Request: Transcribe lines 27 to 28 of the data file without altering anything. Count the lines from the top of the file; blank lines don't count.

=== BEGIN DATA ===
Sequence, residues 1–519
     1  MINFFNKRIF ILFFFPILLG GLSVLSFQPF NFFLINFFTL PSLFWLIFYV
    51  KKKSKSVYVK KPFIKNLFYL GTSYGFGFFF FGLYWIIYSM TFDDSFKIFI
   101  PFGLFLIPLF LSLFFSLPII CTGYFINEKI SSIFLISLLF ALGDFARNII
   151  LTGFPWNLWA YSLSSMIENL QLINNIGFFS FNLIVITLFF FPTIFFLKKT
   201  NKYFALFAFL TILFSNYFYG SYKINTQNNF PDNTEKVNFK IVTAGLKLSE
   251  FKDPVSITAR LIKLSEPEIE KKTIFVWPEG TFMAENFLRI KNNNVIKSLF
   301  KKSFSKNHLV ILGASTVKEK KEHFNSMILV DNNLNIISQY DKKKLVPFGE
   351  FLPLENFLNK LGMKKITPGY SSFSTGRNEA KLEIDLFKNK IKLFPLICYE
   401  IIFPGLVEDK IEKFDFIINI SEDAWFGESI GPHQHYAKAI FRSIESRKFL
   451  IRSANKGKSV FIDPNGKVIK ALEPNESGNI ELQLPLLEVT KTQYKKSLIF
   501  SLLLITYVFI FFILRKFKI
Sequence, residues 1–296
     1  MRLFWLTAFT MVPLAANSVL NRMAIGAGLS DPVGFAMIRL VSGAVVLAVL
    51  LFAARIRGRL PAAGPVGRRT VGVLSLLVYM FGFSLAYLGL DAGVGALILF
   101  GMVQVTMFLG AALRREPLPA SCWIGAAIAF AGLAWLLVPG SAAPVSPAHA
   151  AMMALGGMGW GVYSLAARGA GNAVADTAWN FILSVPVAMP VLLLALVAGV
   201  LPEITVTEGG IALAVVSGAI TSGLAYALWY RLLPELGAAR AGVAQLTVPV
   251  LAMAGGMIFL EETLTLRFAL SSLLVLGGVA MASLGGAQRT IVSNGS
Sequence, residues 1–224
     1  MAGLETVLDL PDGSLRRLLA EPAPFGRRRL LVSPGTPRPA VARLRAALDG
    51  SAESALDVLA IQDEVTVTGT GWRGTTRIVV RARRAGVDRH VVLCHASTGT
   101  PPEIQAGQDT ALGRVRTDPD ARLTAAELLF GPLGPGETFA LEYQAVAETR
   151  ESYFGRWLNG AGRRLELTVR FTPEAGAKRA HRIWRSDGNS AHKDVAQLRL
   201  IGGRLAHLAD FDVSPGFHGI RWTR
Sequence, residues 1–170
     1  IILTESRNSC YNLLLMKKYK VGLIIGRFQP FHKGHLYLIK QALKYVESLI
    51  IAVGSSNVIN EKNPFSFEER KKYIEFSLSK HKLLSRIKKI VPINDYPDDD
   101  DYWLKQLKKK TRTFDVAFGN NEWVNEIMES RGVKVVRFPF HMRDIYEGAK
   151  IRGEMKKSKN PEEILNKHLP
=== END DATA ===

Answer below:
     1  IILTESRNSC YNLLLMKKYK VGLIIGRFQP FHKGHLYLIK QALKYVESLI
    51  IAVGSSNVIN EKNPFSFEER KKYIEFSLSK HKLLSRIKKI VPINDYPDDD